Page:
School Shootings Case Analysis There Essay


The facilitator spoke directly to individuals, as well as the group therefore extrapolating the true meaning behind some of the participant's comments. For the most part, the facilitator kept the personal bias out and asked tailored and appropriate questions. Surveys and Focus Groups

Focus groups are interesting, yet hard to deal with. On the one hand, they allow the public the chance to speak, thus portraying the abstract symbolism and concentrations that drive the actions of individuals on a daily basis. Yet, on the other hand, findings can often be hard too read or inconclusive based on this high level of abstract concepts that derive from such sessions. The strengths of focus groups rest in the ability to test out certain theories, illustrate the major connections between concepts, and to test how the public reacts to certain concepts (Brophy, 2005). It is a crucial step in understanding very complex and abstract topics. However, it is not very definitive. Focus groups can help to augment earlier findings or point researchers in a general direction, but the weakness of them is that they often do not answer hypothesis with a sort of strict assertion that is needed in quantitative research.

Symbols and Metaphors

The transcripts were rich with symbolism. There was the symbol of a gun connecting to death. Also, there was strong symbolism of invoking some of the incidents that had just recently occurred. Thanks to media coverage, the parents involved had a lot of extensive prior knowledge of how the most recent shootings went down. As such, they often used these events as symbols for the senseless nature of the violence involved in school shootings and how it seems to cut short the lives of those who deserved to continue living.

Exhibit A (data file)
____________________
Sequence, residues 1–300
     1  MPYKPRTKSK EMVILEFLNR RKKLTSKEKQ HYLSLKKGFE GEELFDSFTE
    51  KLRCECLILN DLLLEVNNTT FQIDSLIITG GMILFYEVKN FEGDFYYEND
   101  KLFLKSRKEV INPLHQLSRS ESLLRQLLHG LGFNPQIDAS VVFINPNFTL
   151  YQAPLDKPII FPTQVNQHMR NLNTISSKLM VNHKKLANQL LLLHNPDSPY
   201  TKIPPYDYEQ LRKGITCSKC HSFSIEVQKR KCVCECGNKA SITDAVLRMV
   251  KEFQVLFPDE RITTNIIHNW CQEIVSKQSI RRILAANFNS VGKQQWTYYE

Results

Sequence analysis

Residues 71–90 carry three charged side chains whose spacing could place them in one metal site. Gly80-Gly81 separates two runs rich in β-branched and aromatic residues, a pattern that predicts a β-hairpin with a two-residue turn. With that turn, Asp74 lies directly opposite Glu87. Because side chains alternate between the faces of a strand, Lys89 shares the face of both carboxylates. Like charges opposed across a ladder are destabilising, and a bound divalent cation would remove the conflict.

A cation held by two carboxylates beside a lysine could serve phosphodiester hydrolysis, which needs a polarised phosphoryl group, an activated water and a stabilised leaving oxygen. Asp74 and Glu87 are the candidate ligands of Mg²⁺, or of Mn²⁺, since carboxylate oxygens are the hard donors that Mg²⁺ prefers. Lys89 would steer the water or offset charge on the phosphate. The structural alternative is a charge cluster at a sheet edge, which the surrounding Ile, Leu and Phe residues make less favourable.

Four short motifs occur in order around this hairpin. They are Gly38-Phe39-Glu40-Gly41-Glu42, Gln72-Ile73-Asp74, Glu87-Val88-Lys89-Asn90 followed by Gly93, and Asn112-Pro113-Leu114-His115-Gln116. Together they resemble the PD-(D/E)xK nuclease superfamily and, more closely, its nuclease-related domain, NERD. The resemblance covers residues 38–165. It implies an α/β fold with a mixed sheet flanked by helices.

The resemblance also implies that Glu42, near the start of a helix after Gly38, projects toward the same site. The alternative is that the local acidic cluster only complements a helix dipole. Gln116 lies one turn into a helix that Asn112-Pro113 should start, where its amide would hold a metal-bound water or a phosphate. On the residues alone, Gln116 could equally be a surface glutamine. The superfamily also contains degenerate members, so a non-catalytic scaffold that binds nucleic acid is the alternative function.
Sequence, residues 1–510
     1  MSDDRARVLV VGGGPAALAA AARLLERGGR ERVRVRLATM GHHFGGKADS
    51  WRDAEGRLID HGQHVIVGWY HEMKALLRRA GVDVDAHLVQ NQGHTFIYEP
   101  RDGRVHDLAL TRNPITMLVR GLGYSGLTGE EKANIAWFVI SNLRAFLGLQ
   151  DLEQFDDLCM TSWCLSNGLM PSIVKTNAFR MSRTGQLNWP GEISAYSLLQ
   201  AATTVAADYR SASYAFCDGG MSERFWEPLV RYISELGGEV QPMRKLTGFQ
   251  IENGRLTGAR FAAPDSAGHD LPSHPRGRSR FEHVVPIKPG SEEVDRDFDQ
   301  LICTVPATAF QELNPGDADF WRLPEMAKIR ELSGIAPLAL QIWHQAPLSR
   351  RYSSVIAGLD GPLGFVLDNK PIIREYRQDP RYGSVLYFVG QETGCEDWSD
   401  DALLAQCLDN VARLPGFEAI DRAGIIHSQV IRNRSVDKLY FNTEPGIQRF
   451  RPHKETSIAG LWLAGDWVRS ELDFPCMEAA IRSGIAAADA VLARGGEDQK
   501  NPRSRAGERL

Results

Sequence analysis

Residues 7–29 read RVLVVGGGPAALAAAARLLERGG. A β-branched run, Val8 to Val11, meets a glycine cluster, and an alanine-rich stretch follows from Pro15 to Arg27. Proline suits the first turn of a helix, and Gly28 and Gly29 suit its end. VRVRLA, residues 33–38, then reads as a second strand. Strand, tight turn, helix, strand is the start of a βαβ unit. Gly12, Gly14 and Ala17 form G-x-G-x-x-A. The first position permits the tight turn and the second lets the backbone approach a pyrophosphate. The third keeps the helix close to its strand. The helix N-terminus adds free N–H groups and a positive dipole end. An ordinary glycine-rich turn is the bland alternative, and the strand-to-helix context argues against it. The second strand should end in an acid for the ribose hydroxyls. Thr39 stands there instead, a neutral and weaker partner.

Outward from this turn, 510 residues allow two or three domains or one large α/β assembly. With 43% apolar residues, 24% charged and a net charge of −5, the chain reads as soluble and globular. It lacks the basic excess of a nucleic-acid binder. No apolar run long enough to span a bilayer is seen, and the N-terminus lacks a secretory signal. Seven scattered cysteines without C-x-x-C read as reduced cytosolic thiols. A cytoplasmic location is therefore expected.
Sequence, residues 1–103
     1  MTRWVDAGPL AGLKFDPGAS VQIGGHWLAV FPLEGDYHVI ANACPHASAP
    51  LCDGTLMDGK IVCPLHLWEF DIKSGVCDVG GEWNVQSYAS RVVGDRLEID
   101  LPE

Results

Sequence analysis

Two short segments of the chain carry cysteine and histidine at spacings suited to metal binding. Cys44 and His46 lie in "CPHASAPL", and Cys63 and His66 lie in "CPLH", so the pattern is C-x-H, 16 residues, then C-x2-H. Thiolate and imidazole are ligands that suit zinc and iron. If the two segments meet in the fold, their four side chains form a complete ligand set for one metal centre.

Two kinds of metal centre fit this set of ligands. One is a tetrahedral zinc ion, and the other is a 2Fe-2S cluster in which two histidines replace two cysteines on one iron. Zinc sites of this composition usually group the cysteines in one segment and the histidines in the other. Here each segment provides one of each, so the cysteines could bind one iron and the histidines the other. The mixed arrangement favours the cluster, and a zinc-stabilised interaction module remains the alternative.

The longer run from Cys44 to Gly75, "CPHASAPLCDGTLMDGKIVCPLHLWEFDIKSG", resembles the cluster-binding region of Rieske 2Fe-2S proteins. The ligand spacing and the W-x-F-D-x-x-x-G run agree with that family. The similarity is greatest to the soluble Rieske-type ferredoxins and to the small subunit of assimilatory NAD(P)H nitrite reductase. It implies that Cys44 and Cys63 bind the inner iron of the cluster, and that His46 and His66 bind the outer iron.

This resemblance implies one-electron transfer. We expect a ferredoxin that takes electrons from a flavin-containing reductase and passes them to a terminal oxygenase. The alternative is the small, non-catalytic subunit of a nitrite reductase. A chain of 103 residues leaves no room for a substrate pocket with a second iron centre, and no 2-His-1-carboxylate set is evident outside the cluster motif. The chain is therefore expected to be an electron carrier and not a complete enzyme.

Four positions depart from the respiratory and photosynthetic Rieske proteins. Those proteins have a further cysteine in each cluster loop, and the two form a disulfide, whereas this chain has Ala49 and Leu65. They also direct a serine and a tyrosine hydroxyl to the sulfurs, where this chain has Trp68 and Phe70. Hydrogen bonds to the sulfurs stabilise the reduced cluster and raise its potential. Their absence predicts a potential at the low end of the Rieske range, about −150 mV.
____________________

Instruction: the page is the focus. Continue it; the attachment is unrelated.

Moreover, talk about the Constitution, the Bill of Rights, and the Second Amendment became very metaphoric at time. The Constitution took on a life of its own, becoming a living thing that seemed to govern over the lives...


The Second Amendment became the major source of the controversy, and for some was a symbol of hope and freedom, while for others was a symbol of foolishness and outdated governance.
The concept of the school also became a symbol. To the parents, it symbolized "community, learning, respect, friendship," and after all "it is an experience we all share together" (Anderson, 2009, p 210). Essentially the innocence of the school image really shined through, and it is a symbol for connecting to the individual to the world around us, a concept that everyone who has every gone to school can relate to.

What Next?

Again, the findings lacked the statistical certainty of other methods; yet, a policy maker can still use the findings to help guide future research and policy. First, policy makers can use the findings to help set up parent support groups or information sessions to keep parents informed and engaged in how to best supervise their children. By understanding where the violence is and knowing the newest in violent games and movies, parents can help shelter their own children from them. Moreover, future research can be conducted based on the perception of the media and how parents think it impacts their children.

Sources Used in Documents:


Anderson, Don. (2009). Public Policy Praxis: A Case for Understanding Policy and Analysis. 2nd Ed. Pearson Publishing.

Brophy, Joseph F. (2005). Focus groups: You can't afford not to use them. State Bar of Texas. Web.

Cooper, Michael & Sussman, Dalia. (2013). Massacre at school sways public in way earlier shootings didn't. New York Times. Web.

Huesman, L. Rowell. (2007). The impact of media violence: Scientific theory and research. Journal of Adolescent Health, 4(1), 6-13.

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